• Arts & Entertainment,  This Week's Paper

    Book Review: “The Museum of Innocence” is more than a love story

    “The Museum of Innocence” By: Orhan Pamuk 532 pp. Vintage Books.   $15.26   Orhan Pamuk, winner of the Nobel Prize in Literature, wrote “The Museum of Innocence” discussing Kemal and Fusun’s love affair in Istanbul. Pamuk has become a prominent Turkish writer with more than 20 books being published so far and translated into 63 different languages.   The text begins with Kemal reminiscing about the happiest moment in his life. He tells his readers about, his fiance, Sibel. Sibel is a wealthy woman who people believe is the perfect match for Kemal. That is, until he encounters his cousin, an 18 year old shop girl, named Fusun. Unlike…

  • News

    Feminist Press still relevant after 45 years

    At the CUNY Graduate Center is a small, educational non-profit organization that fought and still fighting for big social changes. The Feminist Press, located at 365 Fifth Avenue, Suite 5406, publishes feminist classics, offers new international pieces, elevates silenced voices and promotes social justice. “FP is not just a business. You have a business with values,” Lauren Hook, managing editor, said. “We’re not just saying how much this book is going to make, but what the book means, what does it represent, why is it important and why does it deserve to be in print.” Florence Howe, an author and professor, founded the organization in 1970 because of the lack…

  • Arts & Entertainment

    QC alum self-publishes science fiction novel

    Personal Disaster Assistant, or PDA, by Queens College alum Chris Ferraro, is a story about a man named Doug Macklin who has to deal with futuristic contact lenses, talking chairs, alien-worshipping terrorists…and camels. After being ejected from an airplane, Doug is forced to journey through the desert where he has several misadventures and is almost killed a few times before being told that he is a contestant on a reality show. The book is a combination of dark comedy and science fiction, and examines how people’s reliance on technology does not answer their questions about life. Ferraro used to write sports and entertainment articles, but always enjoyed writing stories like PDA. He wanted to prove to…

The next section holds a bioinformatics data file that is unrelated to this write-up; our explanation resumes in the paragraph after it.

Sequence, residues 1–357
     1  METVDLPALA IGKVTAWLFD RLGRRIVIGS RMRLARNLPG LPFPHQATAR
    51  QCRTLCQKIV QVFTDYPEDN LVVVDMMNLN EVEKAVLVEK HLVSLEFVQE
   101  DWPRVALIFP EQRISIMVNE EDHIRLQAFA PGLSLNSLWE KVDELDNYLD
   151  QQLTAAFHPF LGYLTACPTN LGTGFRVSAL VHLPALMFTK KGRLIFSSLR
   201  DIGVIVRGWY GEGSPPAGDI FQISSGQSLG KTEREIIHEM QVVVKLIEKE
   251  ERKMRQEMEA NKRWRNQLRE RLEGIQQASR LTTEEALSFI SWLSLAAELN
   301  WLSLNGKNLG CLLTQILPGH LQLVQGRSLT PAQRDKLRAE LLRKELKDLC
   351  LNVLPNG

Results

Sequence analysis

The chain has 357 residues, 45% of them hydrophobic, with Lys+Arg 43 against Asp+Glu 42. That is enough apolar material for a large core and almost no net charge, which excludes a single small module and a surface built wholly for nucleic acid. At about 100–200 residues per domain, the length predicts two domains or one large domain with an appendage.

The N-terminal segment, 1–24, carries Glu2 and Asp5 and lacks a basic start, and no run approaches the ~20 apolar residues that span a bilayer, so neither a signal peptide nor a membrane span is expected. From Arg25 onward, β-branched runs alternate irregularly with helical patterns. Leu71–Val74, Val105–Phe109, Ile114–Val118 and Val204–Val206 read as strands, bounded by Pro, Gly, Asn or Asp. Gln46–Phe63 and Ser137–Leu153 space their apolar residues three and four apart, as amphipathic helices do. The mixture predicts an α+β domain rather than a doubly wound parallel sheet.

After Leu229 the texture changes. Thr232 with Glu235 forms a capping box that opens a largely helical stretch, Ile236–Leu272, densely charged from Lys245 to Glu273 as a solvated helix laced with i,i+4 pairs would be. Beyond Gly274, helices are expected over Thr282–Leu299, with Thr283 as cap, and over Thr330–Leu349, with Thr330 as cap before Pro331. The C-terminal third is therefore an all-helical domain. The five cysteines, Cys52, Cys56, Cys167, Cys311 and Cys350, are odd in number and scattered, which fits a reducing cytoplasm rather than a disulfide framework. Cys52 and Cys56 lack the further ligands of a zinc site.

• Arts & Entertainment

    QC professor’s novel, “Song of the Shank”, sheds light on the slave narrative

    Following the success of recent movies such as “12 Years a Slave” and “Django Unchained,” critics asked whether another story about slaves was really necessary. After reading “Song of the Shank” by Jeffrey Renard Allen, New York Times book reviewer Mitchell S. Jackson felt compelled to answer with a resounding “yes.” On Nov. 11, Allen discussed his latest work as part of Queens College’s 39th Anniversary Evening Reading Series. “Song of the Shank” is the reimagined and fictional biography of “Blind Tom,” one of the 19th centuries most prominent performers and the first black person to play at the White House at the age of 10. Blind Tom, born as the slave Thomas Wiggins in…

  • News

    Queens College professor examines findings in latest book

    The women’s studies department held an event on Oct. 21 in Rosenthal Library to showcase Barbara Simerka’s book, which applies cognitive theories to gender, class and identity in early modern Spanish literature. Simerka is a Spanish professor, who has published over twenty essays focusing on interdisciplinary and feminist approaches. She is also a founding executive board member of GEMELA, a group that focuses on medieval and early modern Spain and colonial Latin American women’s writing and culture. Simerka’s latest book, “Knowing Subjects,” draws on the theory of mind in order to analyze early modern Spanish literature, such as works by Cervantes and Gracián. Theory of mind is the ability to…